Form 8833

At a glance

If you receive tax treaty benefits from the United States, learn more about IRS Form 8833 with the Expat tax experts at H&R Block.

Image for Form 8833

How to claim tax treaty benefits with the Treaty-Based Return Position Disclosure Under Section 6114 or 7701(b)

Worried about double taxation as a U.S. expat? Tax Form 8833 is here to save the day. Paying taxes twice on the same income is a concern most U.S. citizens have if they earn income abroad.

Luckily, the U.S. has entered into tax treaties with many countries to help alleviate that concern. Tax Form 8833 is how you’d claim and report certain U.S. income tax treaty benefits, which can include anything from lower tax rates to full tax exemptions on certain types of income and pensions.

Read on to learn more about this form and how to claim these benefits in your yearly tax filing. Ready to file Form 8833? No matter where in the world you are, we’ve got a tax solution for you. Get started with our made-for-expats online expat tax services today!

What is the purpose tax Form 8833?

Each country has its own tax system, laws, and income categories, which can create a headache for U.S. citizens trying to file U.S. expat taxes. Tax treaties between countries serve to clarify or erase any confusion over benefits. Most U.S. tax treaties have specific provisions for Americans who live and work within that country’s borders.

Take the U.K., for example. The U.S./U.K. Tax Treaty has special provisions for U.S. citizens living in the U.K., including double-taxation prevention for capital gains and income taxes, a provision for pensions, and a provision that the two countries can share tax information about their residents. There is a similar treaty in place between the U.S. and Canada, and many other countries.

Form 8833, the Treaty-Based Return Position Disclosure Under Section 6114 or 7701(b) is the form you’d file if you wanted to claim certain tax treaty benefits specific to your country of residence. It provides an explanation to the IRS as to why certain income is receiving beneficial treatment because of the treaty.

There are consequences to not filing this form when you’re supposed to—you can be fined up to $1,000 for each year you failed to report your treaty position.

How do I claim tax treaty benefits using IRS Form 8833?

How do you fill out Form 8833? Before you file this form, make sure you need to—the majority of treaty benefits in fact do not require the filing of form 8833. For example, you don’t have to file if the treaty reduces or modifies the taxation of employment income, pensions, annuities, social security, and other public pensions, as well as income derived by artists, athletes, students, trainees, or teachers. Form 8833 is used in other situations, such as declaring tax treaty-based residency which allows a U.S. tax resident to file a U.S. nonresident tax return.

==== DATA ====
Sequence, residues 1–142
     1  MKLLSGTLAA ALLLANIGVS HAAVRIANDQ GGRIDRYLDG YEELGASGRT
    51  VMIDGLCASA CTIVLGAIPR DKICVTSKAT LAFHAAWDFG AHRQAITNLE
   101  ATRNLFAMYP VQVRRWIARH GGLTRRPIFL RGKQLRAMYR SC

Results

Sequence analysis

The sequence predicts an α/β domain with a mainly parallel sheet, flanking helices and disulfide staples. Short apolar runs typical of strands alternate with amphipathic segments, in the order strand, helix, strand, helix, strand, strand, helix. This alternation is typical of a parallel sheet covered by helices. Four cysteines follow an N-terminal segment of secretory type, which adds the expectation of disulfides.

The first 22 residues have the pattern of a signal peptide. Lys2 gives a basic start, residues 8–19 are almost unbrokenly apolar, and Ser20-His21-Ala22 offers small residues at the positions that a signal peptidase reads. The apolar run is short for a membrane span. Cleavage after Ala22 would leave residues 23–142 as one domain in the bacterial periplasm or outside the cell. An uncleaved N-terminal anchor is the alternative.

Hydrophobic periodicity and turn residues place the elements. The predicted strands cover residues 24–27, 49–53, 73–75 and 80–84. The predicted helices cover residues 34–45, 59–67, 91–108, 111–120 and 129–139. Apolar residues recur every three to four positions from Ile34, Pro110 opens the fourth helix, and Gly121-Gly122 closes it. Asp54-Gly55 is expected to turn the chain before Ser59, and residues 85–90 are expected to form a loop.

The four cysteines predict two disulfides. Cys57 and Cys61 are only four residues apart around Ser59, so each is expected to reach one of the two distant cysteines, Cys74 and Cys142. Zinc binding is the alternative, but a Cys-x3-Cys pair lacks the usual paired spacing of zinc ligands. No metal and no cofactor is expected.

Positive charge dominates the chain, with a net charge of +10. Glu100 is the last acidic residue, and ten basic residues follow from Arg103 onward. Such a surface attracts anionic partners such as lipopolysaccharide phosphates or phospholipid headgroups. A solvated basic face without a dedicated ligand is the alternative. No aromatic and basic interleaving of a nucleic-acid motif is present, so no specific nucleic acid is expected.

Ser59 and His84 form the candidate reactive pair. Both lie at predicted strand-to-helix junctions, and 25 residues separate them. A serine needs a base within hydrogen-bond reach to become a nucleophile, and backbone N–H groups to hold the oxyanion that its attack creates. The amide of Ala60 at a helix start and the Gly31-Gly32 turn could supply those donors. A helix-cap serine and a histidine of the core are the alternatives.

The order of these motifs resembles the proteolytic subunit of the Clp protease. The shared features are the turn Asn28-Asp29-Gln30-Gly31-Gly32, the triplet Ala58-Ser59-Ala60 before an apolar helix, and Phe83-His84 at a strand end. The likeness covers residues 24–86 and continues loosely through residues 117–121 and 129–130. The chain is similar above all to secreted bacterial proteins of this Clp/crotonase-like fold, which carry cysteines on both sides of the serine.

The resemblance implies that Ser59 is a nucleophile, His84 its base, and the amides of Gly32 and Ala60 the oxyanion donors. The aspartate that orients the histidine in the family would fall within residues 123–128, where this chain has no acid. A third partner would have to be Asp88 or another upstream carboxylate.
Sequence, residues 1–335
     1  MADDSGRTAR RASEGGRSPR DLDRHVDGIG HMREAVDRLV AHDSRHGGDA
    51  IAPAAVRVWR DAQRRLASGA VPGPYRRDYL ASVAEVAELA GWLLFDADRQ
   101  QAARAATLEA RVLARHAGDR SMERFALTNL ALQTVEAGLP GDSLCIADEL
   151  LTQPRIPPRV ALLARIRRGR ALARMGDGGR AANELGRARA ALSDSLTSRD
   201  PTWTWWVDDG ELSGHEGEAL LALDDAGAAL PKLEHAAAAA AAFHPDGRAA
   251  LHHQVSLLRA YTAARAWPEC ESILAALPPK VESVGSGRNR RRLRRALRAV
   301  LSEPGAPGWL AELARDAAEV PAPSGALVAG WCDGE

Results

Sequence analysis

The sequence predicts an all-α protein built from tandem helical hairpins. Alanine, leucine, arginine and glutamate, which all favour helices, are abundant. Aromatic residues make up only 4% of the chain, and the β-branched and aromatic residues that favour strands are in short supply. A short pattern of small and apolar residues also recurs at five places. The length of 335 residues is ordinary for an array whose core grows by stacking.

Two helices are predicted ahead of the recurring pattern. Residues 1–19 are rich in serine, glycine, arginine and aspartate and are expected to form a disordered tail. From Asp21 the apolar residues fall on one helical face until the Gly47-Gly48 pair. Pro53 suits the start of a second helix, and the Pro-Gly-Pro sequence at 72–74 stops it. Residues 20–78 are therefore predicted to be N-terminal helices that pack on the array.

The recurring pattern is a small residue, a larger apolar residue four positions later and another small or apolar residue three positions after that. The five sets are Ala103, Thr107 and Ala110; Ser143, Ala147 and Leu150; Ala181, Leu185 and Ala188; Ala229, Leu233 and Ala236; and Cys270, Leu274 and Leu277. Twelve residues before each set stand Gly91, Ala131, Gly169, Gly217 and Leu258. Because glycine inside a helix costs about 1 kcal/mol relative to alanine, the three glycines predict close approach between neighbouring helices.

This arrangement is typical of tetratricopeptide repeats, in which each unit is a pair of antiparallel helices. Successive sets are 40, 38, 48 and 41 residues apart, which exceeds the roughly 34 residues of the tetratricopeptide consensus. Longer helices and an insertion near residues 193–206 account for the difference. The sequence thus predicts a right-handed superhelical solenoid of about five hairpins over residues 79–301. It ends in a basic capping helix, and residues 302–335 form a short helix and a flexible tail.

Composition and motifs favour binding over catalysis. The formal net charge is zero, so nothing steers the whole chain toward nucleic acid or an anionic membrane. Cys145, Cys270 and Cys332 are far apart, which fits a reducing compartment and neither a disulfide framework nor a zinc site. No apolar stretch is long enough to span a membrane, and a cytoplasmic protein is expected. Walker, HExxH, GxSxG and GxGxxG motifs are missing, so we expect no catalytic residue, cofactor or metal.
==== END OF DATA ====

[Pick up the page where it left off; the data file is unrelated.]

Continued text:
If you do need to file it, you also need to include a statement summarizing your situation. This summary trips up many expats as you must be extremely detailed in this summary and include the following information on the form:

  1. Your country of tax residence
  2. When you first entered that country
  3. Your current residency status
  4. The purpose of your visit (for example; contractor, spouse, student)
  5. The article of the treaty you are using
  6. The type and amount of income that is exempt from taxes, based on the tax treaty

Here’s a Form 8833 example statement:

I am a citizen of the United States and a resident of the United Kingdom. I temporarily performed services for my UK employer for 10 days in the United States and was taxed on this portion of income by the United Kingdom.

Under IRS Code 862, income received for services performed in the U.S. is considered U.S. source income and thus taxable to U.S. citizens. However, Article 24 of the United States-United Kingdom treaty allows such income to be resourced as U.K. source income which deems the U.K. income tax paid on the income as eligible for the foreign tax credit as necessary to alleviate double taxation.

You’ll likely have to consult with an advisor on if you need to file Form 8833. That’s why it’s in your best interest to let a professional handle the details for you. If you work with H&R Block’s Expat Tax Services you can simplify your process by letting our experts take care of the finer details.

Need help filing Tax Form 8833? Trust the experts at H&R Block

Confused about whether you need to file Form 8833 or not? Let our experts help you out. No matter where in the world you are, we’ve got a tax solution for you. Get started with our made-for-expats online expat tax services today!

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